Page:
Like many communities, a Midwestern city was faced with constrained resources when dealing with behavioral health patients; emergency departments and the county jail were often left handling most of these individuals. These facilities often felt like the default landing spot for this patient population and acted as a “revolving door,” especially for high utilizers. Wanting a more proactive approach to behavioral health, a coalition group led by a regional healthcare system and various key stakeholders from the county engaged the Catalyst team to determine the community’s behavioral health needs and the optimal strategy for implementing the plans over the short, intermediate, and long term.
Catalyst implemented a two-phase approach to evaluating behavioral health needs within the community. During Phase 1 we looked at current and future community needs and interviewed stakeholders to define gaps in care. Interviews were conducted with a variety of coalition members including a regional healthcare system, community health centers, a substance abuse center, the sheriff’s office, a school district, and organizations that serve the homeless population. Catalyst also looked at case studies for how communities around the country tackled behavioral health treatment.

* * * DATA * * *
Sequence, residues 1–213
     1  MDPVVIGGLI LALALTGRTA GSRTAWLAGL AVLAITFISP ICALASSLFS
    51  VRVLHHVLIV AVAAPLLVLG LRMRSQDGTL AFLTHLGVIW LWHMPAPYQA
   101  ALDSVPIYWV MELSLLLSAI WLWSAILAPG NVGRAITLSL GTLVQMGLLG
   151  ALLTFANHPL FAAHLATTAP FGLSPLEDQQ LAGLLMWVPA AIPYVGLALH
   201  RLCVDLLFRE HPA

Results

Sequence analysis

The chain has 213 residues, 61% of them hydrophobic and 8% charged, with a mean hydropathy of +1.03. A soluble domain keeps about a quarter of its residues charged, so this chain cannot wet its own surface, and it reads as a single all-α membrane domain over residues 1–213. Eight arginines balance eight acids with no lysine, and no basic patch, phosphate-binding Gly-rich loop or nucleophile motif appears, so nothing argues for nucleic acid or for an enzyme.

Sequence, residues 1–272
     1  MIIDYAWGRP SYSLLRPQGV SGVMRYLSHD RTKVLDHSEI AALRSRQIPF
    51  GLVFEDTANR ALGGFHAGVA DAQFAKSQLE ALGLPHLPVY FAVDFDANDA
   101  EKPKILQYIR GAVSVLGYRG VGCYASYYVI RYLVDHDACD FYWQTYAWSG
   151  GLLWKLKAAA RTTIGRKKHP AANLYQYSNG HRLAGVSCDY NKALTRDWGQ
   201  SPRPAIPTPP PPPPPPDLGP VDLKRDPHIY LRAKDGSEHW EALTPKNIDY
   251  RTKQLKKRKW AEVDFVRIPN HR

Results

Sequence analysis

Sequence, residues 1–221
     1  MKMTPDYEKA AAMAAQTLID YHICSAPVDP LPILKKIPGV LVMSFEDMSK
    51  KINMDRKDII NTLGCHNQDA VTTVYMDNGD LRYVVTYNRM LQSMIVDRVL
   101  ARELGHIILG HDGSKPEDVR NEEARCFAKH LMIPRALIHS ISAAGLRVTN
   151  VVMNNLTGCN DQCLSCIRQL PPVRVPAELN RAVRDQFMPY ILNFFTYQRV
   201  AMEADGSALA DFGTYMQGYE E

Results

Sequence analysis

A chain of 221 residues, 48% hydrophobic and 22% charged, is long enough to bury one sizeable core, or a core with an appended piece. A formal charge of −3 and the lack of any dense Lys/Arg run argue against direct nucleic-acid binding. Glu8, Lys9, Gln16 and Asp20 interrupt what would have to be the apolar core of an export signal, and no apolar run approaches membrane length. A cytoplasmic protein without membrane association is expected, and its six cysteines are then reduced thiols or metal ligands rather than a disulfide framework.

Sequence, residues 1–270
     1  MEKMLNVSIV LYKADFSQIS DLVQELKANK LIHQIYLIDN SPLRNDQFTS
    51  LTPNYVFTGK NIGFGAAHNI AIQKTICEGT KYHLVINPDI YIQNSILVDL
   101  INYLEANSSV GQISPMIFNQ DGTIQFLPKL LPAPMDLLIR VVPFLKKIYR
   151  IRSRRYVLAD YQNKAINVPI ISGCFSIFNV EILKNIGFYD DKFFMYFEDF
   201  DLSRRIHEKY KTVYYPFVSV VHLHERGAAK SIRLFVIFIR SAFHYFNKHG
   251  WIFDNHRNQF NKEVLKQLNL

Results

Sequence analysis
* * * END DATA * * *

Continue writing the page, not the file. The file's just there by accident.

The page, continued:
Following the data-collection stage, we presented our baseline findings and held an on-site “visioning session” with representatives from involved organizations to walk through various behavioral health profiles created by Catalyst to better understand how each individual would seek help and receive treatment within the community. This group session helped shape the overall strategic direction for behavioral health in the area.
Based on our analysis of secondary data, case studies, and the work session with stakeholders it became clear that the community needs a more sustainable model of care for behavioral health. Over the long term, services – from job placement to primary care to treatment – should be integrated and co-located to ensure easy access.
However, because of capital constraints, Catalyst developed an à la carte plan that the team could roll out over several years. In the near term, we suggested right-sizing existing facilities and incorporating behavioral health services within the existing primary and urgent care infrastructure. Operationally, we recommended largely focusing on evaluating current assets, reorganizing the team into task force groups, developing a business and marketing plan, and increasing training efforts for select community groups. The intermediate tier suggested new facility investments in wellness and primary care as well as providing housing for violent patients; on the operational side we recommended building out medical detox and eating disorder service offerings, incorporating prevention and early interventions as demonstrated in various national case studies, creating more robust transportation, and initiating an operational study to assess processes and hours. Longer-term, we ultimately suggested moving toward a community and comprehensive facility model of co-located resources.